Paradise Lost is an epic like no other. In terms of imagination, language, and insight, I am not sure what can compare to it. I am in the process of slowly reading through it. Book 1 begins with Satan’s “after action report” following his fall from heaven.
The book begins in hell. Satan and his host are considering their loss, and he gives an explanation for his rebellion. It is so compelling that you can easily begin to wonder, “Was Satan right?” After all, there had to be some specious reason for Satan to rebel, did there not?
Listen to how Milton imagines Satan’s view that it is “[b]etter to reign in Hell than serve in Heaven” (1.263). He says:
What though the field be lost? All is not lost—the unconquerable will, and study of revenge, immortal hate, and courage never to submit or yield; and what is else not to be overcome. That glory never shall his wrath or might extort from me. To bow and sue for grace with suppliant knee, and deify his power who, from the terror of this arm, so late doubted his empire—that were low indeed; . . . (Paradise Lost, 1.105–114).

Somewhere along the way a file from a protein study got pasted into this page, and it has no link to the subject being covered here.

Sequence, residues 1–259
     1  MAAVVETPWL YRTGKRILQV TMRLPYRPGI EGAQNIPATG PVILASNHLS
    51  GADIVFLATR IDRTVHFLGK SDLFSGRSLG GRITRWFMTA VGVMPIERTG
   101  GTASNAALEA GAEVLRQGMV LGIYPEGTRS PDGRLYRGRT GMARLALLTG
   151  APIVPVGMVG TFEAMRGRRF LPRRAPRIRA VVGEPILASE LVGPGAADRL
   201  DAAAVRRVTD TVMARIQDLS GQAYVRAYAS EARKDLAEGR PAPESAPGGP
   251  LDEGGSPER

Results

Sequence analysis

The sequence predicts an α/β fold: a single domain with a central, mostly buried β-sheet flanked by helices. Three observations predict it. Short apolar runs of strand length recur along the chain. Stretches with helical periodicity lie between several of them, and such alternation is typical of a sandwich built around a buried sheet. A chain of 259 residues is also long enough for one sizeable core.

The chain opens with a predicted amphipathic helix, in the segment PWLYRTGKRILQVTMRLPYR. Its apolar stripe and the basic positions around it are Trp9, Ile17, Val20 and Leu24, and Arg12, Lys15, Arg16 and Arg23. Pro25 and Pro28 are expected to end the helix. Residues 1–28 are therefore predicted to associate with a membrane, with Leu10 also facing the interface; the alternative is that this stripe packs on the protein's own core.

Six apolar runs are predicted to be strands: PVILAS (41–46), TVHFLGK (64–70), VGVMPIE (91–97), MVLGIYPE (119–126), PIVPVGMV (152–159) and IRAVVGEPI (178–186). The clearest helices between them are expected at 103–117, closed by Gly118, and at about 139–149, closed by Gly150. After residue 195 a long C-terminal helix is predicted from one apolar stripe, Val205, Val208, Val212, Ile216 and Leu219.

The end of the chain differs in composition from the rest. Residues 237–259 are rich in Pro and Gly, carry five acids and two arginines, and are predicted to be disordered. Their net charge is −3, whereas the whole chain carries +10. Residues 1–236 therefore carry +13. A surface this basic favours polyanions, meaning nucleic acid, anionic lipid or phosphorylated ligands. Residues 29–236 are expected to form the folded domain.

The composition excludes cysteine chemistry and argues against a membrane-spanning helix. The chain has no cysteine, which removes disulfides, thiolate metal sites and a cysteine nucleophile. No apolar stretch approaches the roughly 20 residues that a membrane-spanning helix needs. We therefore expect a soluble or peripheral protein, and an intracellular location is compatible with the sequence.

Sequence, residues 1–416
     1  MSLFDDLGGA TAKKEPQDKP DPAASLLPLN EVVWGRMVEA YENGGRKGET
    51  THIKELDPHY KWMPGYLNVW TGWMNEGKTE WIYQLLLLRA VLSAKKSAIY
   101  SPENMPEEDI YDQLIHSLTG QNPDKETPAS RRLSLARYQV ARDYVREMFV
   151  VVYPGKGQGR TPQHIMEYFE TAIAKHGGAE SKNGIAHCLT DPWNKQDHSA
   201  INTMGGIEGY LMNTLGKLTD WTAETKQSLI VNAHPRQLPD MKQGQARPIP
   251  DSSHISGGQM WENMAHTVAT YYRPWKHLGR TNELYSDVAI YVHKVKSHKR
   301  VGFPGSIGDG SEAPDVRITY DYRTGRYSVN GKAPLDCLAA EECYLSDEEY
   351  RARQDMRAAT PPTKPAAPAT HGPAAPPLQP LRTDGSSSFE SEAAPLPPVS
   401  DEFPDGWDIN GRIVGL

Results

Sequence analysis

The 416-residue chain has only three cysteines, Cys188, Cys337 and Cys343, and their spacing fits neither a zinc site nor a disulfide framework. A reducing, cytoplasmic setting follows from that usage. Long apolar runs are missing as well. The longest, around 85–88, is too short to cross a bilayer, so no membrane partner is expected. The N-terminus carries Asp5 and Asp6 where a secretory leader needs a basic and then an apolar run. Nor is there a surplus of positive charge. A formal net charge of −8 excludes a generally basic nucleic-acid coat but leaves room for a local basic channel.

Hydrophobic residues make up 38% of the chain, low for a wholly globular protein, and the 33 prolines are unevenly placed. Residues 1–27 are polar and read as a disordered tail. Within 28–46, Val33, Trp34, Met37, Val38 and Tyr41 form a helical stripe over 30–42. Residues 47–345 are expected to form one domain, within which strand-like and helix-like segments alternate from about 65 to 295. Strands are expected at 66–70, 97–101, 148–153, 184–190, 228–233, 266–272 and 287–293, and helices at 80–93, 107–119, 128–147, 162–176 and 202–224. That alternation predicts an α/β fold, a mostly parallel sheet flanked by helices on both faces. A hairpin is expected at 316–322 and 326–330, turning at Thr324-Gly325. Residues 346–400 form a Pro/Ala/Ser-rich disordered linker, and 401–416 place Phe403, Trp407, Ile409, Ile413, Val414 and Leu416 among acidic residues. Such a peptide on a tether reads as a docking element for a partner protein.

Satan believes that they can make a heaven out of hell. “The mind is its own place, and in itself can make a heaven of hell, a hell of heaven” (1.254–255).
The fallen cherubs rejoice in their leaders speeches and respond with a determination to carry on “war then war . . .”:
He spake; and, to confirm his word out-flew millions of flaming swords, drawn from the thighs of mighty Cherubim; the sudden blaze far round illumined Hell. Highly they raged against the Highest, and fierce with grasped arms clashed on their sounding shields the din of war, hurling defiance toward the vault of Heaven (1.663–669).
Book I begins in this powerful way. It sets the stage for the rest of the book by describing Satan’s own temptation so compellingly.